Detoxes are clearly trending on the health and wellness front, claiming to promote anything and everything from effortless weight-loss and increased energy to clean skin. From juice-cleanses to fad diets, do these actually work? If not, are they harmful?
Firstly, one needs to take a look at the reason for people doing various detox diets. Some of the reasons include “perceived” general cleansing, to aid in decreasing inflammation and very often for weight loss reasons. When these detox diets are done for weight loss purposes, they often involve very restrictive eating (very low calories), elimination diets and phases of only consuming juices. As a weight-loss technique, this is not sustainable or suitable. Weight-loss needs to be done in a realistic, steady manner where no food groups are completely eliminated from the diet, as they all contribute various nutrients to a balanced diet.
Secondly, the high sugar load involved in juicing is something that needs to be considered. When juices are made, the pulp (fibre content) is removed, and fruit is added in large portions to a blender. This leads to increased amounts of fructose in each juice. The result of this is high blood sugar levels because too much fruit has been added, with no fibre content (as the pulp is often discarded). Fructose is metabolized via the liver, therefore when these juices are being consumed, the liver may become overloaded with excess fructose as well. (Klein, A.V. & Kiat, H. 2014).
The evidence for the effectiveness of detox diets is lacking currently (Klein, A.V. & Kiat, H. 2014) and the recommendation is that one should continue to adopt a diet that is healthy, balanced and contains a large variety of colourful whole foods to promote and support the body’s own detoxification processes.
Research shows that the body does a pretty good job of detoxing on its own through the liver, skin, lungs and colon. Can toxins from the environment, medication, mould, foods etc. accumulate in the body and overwhelm our natural detox organs? If this is the case, what symptoms can we expect to feel?
Detoxification is the process by which harmful compounds are converted into less harmful substances, that then get excreted through our urine or bile (mostly). We need this process to occur so that these harmful substances do not cause damage to the tissues in our body. The body has its own organs and pathways that assist in this process; the lungs, skin, gastrointestinal tract, kidneys, colon, lungs and the liver. Our liver is like a built-in garbage removal system, by which end products of metabolism, bacterial endotoxins, medications and various chemicals and pollutants get removed from our system. The harmful substance will first go through phase one detoxification in the liver (oxidation, reduction, hydrolysis, hydration and dehalogenation) and then will enter phase two detoxification (sulfation, glucoronidation, glutathione conjugation, acetylation, amino acid conjugation and methylation), and finally be eliminated as waste via the gall bladder and kidneys. Sometimes, environmental toxins (smoking, water pollution, food additives, alcohol, air pollution, pesticides, medicine, as well as various cleaning products) can result in a toxic build-up, which may result in free radical production, oxidative stress and then inflammation. This leads to damage to various tissues in our body.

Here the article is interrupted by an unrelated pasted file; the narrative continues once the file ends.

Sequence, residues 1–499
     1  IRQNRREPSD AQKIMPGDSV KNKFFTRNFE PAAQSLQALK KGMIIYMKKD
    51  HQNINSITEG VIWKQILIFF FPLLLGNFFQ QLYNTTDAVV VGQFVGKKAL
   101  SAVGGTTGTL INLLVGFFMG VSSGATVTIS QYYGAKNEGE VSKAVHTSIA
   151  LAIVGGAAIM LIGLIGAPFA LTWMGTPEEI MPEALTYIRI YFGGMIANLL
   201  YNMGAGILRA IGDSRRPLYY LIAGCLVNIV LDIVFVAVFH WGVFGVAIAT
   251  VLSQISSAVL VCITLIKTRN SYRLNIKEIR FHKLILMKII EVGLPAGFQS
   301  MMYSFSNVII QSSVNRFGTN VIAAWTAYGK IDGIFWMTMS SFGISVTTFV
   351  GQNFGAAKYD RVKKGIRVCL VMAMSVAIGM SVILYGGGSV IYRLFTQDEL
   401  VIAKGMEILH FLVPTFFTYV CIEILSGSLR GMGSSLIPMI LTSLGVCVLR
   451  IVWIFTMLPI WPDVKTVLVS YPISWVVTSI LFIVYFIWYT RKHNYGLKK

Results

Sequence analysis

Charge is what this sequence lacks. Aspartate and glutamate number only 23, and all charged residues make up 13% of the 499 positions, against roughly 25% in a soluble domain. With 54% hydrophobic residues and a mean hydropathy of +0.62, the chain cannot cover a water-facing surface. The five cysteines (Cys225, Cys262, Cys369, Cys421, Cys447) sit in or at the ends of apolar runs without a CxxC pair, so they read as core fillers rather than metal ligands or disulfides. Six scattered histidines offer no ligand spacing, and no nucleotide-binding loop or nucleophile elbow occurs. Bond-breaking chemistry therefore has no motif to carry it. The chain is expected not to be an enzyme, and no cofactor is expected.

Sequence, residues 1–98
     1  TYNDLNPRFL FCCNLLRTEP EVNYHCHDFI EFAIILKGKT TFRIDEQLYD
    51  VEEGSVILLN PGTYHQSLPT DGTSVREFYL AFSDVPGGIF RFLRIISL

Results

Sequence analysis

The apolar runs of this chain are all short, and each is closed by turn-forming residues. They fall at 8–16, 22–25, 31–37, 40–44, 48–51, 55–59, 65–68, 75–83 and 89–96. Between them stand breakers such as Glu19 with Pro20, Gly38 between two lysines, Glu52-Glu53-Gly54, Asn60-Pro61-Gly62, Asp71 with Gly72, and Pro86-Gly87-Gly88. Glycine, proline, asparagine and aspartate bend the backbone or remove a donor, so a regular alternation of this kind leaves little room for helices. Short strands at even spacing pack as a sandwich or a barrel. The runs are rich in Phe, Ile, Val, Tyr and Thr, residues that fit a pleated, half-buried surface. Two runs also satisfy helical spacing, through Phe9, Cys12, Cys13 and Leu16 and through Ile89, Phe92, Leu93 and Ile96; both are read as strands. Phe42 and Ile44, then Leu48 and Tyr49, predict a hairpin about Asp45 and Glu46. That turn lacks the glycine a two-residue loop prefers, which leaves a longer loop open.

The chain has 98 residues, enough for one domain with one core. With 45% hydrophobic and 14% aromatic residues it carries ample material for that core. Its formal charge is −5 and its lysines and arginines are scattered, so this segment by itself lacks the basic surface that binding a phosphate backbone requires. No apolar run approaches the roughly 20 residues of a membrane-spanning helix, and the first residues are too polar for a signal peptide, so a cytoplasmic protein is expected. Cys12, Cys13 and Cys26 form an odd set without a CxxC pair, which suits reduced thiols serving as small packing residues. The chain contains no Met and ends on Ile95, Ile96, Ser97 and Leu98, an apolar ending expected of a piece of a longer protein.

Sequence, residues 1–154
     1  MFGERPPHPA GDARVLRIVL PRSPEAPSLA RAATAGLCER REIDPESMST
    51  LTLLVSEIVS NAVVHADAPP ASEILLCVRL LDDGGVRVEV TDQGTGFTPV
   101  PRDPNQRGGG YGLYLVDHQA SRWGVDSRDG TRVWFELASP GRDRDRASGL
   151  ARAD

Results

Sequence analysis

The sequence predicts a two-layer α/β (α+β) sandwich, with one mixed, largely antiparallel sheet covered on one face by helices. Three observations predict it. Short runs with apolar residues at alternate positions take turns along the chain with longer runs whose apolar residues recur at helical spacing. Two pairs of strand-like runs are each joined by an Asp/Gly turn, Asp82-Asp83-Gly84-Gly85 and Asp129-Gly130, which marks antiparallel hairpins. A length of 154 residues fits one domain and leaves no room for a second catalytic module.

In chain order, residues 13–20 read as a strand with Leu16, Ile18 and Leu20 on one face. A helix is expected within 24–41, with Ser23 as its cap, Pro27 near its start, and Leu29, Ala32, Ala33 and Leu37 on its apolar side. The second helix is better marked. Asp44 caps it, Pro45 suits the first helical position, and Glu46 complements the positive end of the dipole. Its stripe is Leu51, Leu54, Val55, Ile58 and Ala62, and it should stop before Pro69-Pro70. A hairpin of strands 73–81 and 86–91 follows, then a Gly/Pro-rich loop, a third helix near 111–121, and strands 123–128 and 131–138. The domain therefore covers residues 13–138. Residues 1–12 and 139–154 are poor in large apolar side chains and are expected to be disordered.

here actually a healthy way to detox?
The first step would be to reduce exposure to the toxins, which will assist phase one of detoxification. Here are a few useful ways to reduce your exposure:
- Reducing the amount of smoked products that you consume (e.g. smoked chicken)
- Stop cigarette smoking and avoid second-hand smoke wherever possible
- Avoid chargrilled/burnt food (e.g. meat that has blackened on the braai or burnt toast)
- Reduction of pollution: Exhaust fumes and smog
- Sodium-benzoates in foods and drinks, as well as Benzene in cleaning products
The next step would be to support phase two detoxification. This is done by increasing the intake of both cruciferous and allium vegetables. During the digestion of cruciferous vegetables, 3’3’-diindolylmethan (DIM) is produced. DIM is a phytochemical that can assist with the upregulation of the phase two detoxification process. Besides being able to obtain DIM from cruciferous vegetables, sulforaphane (broccoli sprouts are rich in sulforaphane) can also be found in these vegetables. Sulforaphane contains anti-oxidant and anti-inflammatory properties. If DIM cannot be obtained from the intake of cruciferous vegetables, it can be taken in supplement form.
Broccoli, Kale, Cabbage, Cauliflower, Brussel Sprouts, Horseradish, Wasabi & Broccoli Sprouts
Fresh Chives, Leeks, Garlic, Onions & Shallots
- Hodges, R.E. and Minich, D.M. (2015). Modulation of Metabolic Detoxification Pathways Using Foods and Food-Derived Components: A Scientific Review with Clinical Application. Journal of Nutrition and Metabolism.
- Klein, A.V. & Kiat, H. (2014). Detox Diets for Toxin Elimination and Weight Management: a Critical Review of the Evidence. Journal of Human Nutrition and Dietetics.